Heeding the Times from Harry Antonides' Desk

Egypt: Will it go the way of Iran?

  March  2011 

Now that the crowds on Tahrir Square have gone home, Hosni Mubarak toppled from his throne, and  the military has taken over, can we breathe easier in the knowledge that freedom has finally arrived in Egypt?  Maybe. 

No doubt that many Egyptians  want to replace the Mubarak dictatorship with responsible government and a free society. But are there sufficient human and social resources within the population to organize and participate in the necessary rebuilding of the nation? 

The looming question in all of this is: What is the role of the Muslim Brotherhood in the changes now underway in Egypt. This organization was founded in 1928 by Hassan al-Bana who was a  fanatic promoter of radical Islam. Its motto is:  “Allah is our objective. The Prophet is our leader. The Qur’an is our law. Jihad is our way. Dying in the way of Allah is our highest hope.” 

A Radical Agenda

Ai-Bana summarized the Brotherhood’s ambition as follows: “It is the duty of every Muslim to struggle towards the aim of making every people and the whole world Islamic, so that the banner of Islam can flutter over the earth and the call of the Muezzin can resound in all corners of the world.” 

What is the likelihood that the revolution taking place in Egypt will lead to a good ending unlike the 1979 revolution in Iran? 

Some experts consider the military the suitable institution to direct the transition from dictatorship to democracy. But to be successful it will have to overcome its history of propping up the Mubarak regime, which inevitably has made many officers and foot soldiers complicit in the corruption and abuses of this regime? 

Many in the West fall over each other in wanting to assure us that the Brotherhood, whatever its violent history, has changed its ways and now favours democracy and pluralism. President Obama has used his office to boost its status by praising the “moral force of nonviolence” and recommending that  the  M B be  included in the future government. 

The campaign to downplay the threats of the MB is in full force in the media, not surprisingly, led by the New York Times. Essam El-Errian, a member of the  guidance council of the MB explained that it has consistently  demanded liberation and democracy. It now is a participant in the exploratory meetings with the military authorities. It  promised “ not to co-opt the public’s agenda.”  El-Arrian wrote that the MB has “no special agenda of our own,” and it wants to recognize the rights of all Egyptians. (NYT, Feb. 9, 2011)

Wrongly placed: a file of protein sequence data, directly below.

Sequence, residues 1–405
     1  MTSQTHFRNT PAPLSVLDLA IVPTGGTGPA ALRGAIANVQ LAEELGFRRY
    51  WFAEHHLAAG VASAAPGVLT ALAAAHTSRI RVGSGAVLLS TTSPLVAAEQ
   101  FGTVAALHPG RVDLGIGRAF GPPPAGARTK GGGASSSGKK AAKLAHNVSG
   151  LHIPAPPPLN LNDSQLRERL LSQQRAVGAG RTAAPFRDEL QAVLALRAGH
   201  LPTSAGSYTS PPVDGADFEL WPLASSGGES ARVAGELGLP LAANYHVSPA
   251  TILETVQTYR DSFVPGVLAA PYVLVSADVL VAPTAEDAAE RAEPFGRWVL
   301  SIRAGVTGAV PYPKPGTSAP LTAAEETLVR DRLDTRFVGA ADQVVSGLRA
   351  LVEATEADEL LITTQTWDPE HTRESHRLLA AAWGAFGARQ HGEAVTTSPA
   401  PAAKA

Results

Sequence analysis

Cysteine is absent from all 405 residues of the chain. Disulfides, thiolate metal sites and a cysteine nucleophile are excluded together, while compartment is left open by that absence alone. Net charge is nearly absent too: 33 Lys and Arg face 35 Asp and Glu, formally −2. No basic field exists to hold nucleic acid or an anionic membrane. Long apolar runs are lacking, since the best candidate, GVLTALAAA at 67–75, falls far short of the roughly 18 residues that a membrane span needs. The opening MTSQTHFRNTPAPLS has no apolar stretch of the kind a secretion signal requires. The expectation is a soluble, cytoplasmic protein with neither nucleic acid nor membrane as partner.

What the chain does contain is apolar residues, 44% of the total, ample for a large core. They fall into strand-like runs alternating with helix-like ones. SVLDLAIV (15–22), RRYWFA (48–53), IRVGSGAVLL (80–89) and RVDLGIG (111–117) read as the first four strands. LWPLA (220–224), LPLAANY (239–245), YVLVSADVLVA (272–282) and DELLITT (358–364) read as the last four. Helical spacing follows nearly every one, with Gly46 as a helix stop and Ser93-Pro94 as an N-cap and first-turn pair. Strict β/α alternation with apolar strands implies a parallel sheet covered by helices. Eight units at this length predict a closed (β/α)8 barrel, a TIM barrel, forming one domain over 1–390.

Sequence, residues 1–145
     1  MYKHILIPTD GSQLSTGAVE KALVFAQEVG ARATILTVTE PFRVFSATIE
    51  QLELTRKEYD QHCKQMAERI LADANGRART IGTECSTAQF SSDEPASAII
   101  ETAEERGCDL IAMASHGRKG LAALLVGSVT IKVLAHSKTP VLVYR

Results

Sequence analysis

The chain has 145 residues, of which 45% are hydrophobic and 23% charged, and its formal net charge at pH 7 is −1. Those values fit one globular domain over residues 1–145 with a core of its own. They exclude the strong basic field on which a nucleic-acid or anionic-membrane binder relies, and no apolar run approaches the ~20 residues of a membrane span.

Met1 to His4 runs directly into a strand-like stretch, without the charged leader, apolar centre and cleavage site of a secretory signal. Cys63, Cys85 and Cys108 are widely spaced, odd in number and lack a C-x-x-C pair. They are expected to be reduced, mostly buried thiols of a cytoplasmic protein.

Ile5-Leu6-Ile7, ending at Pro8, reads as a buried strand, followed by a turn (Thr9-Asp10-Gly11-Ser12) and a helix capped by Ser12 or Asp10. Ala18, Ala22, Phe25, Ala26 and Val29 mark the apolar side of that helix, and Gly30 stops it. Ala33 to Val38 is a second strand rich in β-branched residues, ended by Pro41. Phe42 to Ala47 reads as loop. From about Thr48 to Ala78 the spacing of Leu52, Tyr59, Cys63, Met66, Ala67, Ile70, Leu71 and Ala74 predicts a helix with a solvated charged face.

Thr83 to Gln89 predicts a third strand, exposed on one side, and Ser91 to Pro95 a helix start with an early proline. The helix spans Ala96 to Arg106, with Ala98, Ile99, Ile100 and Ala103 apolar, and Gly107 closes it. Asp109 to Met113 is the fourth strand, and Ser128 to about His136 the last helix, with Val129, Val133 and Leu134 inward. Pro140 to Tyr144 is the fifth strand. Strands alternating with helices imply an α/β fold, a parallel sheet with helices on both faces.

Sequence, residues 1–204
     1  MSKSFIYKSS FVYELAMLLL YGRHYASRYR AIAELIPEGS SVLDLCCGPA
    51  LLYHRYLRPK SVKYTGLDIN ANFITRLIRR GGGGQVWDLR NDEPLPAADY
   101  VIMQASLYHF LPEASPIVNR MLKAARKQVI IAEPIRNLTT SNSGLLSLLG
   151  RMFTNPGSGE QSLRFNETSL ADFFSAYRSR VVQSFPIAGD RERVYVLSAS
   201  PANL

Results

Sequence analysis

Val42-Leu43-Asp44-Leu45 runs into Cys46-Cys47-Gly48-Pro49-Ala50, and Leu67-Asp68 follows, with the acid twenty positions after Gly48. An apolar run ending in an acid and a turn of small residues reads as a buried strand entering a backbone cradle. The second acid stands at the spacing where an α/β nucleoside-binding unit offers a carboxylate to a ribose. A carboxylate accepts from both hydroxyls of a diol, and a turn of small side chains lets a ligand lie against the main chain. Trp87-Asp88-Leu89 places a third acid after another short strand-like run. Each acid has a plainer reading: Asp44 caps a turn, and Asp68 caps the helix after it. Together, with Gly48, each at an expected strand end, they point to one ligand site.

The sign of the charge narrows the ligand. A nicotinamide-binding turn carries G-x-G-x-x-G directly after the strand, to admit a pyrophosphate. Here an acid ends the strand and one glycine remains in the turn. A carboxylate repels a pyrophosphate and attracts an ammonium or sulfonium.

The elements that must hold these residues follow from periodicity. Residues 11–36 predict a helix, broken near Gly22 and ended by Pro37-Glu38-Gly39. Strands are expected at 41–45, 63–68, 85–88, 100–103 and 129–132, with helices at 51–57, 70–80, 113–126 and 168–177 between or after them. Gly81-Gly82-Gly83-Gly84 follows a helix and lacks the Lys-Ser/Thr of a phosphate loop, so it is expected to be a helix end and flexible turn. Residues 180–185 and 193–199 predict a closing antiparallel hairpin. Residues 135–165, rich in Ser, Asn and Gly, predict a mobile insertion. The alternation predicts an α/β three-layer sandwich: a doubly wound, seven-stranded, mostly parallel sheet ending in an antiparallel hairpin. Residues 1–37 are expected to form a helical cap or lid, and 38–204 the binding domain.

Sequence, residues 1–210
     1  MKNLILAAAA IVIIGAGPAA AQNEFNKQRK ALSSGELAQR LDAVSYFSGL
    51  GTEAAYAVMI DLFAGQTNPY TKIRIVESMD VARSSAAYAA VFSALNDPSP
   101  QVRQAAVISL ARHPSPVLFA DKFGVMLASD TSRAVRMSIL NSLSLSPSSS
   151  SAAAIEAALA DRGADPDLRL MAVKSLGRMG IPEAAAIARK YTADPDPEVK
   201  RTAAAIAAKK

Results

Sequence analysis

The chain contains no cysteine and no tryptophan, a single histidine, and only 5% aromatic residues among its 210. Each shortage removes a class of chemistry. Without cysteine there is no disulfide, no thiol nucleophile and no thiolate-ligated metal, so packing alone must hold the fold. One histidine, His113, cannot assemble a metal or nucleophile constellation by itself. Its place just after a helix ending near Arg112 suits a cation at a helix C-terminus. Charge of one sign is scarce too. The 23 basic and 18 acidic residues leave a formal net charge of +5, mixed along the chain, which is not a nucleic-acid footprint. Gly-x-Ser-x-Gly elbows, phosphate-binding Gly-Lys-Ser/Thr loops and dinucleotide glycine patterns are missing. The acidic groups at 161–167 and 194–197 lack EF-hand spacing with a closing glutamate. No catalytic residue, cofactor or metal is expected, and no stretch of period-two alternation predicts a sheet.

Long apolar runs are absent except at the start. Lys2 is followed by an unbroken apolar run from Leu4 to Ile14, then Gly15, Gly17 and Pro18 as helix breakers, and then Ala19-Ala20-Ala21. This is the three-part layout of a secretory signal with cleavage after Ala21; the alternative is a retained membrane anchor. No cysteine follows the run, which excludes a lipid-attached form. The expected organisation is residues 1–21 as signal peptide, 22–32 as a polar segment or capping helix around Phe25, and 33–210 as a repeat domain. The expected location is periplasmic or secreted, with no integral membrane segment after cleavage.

It is all sweetness and light. But then comes this caveat:  The secular type of Western democracy is not suitable for Egypt. El-Arrian envisions a “democratic, civil state that draws on universal measures of freedom and justice, which is central to Islamic values…and inherently compatible with and reinforce Islamic tenets.” (emphasis added) 

Do you feel better now after being assured that the MB only wants what is best for all Egyptians?  Anyone who has paid some attention to the practice of Islamic law (sharia) knows that what El-Errian is saying is nonsense. In fact his claims are bald-faced lies. There is no Muslim state governed  by Islamic law that leaves any freedom to the non-Muslims. 

A Repeat Performance

As now, 32 years ago the NYT opened its pages to the enablers of the late Ayatollah Khomeini who was responsible for turning Iran into a concentration camp. Former Princeton professor Richard Falk wrote in glowing terms about the 1979 revolution in Iran led by Khomeini.  He stated that it was wrong to depict this Muslim cleric as a “fanatical reactionary,” whereas this might well be Iran’s “finest hour” that is set to become a” model of humane governance of a third-world country.” (NYT, February 16, 1979) 

The reality is that the Brotherhood  has served and continues to serve as a seed bed for radical Islam all over the  world. It is very clever in adjusting its practices to changing circumstances. It  mostly promotes radicalism and violence. But of late it has seen the value of infiltrating and participating in the western democracies and in situations of radical upheaval -- as in Egypt now, and in Iran 32 years ago.

In closing, what is my answer to the question in the title?  I fear that Egypt will be a repeat of Iran, in part because of the support the MB receives from gullible Westerners also called “useful idiots.”  I  hope and pray that I am wrong. 

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